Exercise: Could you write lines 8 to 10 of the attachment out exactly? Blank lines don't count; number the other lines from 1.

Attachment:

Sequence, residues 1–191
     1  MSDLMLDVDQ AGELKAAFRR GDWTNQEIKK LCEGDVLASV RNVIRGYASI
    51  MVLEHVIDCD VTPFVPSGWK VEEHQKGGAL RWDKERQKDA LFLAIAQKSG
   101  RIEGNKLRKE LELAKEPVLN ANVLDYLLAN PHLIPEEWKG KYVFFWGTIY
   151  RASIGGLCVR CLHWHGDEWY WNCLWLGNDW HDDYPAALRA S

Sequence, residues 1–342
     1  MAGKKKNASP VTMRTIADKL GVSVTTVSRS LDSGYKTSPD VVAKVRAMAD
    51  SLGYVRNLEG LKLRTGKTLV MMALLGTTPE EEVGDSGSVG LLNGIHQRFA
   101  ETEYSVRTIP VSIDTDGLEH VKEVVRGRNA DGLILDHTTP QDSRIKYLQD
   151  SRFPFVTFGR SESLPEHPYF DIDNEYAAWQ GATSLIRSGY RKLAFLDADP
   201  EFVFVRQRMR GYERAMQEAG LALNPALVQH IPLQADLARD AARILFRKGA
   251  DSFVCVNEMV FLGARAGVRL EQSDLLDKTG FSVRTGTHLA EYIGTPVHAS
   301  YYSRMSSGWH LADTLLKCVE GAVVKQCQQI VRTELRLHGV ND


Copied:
    51  SLGYVRNLEG LKLRTGKTLV MMALLGTTPE EEVGDSGSVG LLNGIHQRFA
   101  ETEYSVRTIP VSIDTDGLEH VKEVVRGRNA DGLILDHTTP QDSRIKYLQD
   151  SRFPFVTFGR SESLPEHPYF DIDNEYAAWQ GATSLIRSGY RKLAFLDADP